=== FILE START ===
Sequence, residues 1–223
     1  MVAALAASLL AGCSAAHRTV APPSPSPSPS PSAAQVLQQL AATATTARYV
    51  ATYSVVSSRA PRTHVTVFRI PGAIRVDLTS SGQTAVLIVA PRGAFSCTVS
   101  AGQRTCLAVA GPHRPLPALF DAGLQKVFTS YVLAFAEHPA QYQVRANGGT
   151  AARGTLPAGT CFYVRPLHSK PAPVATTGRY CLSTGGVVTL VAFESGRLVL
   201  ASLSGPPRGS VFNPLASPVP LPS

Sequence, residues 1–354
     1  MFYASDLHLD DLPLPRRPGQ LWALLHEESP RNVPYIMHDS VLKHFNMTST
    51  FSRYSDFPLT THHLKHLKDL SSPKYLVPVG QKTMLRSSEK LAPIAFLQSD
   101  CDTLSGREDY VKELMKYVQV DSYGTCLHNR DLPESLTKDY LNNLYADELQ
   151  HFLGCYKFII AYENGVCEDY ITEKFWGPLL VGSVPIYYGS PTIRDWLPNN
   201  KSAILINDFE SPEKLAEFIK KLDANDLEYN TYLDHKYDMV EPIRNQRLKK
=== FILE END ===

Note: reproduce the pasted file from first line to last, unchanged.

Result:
Sequence, residues 1–223
     1  MVAALAASLL AGCSAAHRTV APPSPSPSPS PSAAQVLQQL AATATTARYV
    51  ATYSVVSSRA PRTHVTVFRI PGAIRVDLTS SGQTAVLIVA PRGAFSCTVS
   101  AGQRTCLAVA GPHRPLPALF DAGLQKVFTS YVLAFAEHPA QYQVRANGGT
   151  AARGTLPAGT CFYVRPLHSK PAPVATTGRY CLSTGGVVTL VAFESGRLVL
   201  ASLSGPPRGS VFNPLASPVP LPS

Sequence, residues 1–354
     1  MFYASDLHLD DLPLPRRPGQ LWALLHEESP RNVPYIMHDS VLKHFNMTST
    51  FSRYSDFPLT THHLKHLKDL SSPKYLVPVG QKTMLRSSEK LAPIAFLQSD
   101  CDTLSGREDY VKELMKYVQV DSYGTCLHNR DLPESLTKDY LNNLYADELQ
   151  HFLGCYKFII AYENGVCEDY ITEKFWGPLL VGSVPIYYGS PTIRDWLPNN
   201  KSAILINDFE SPEKLAEFIK KLDANDLEYN TYLDHKYDMV EPIRNQRLKK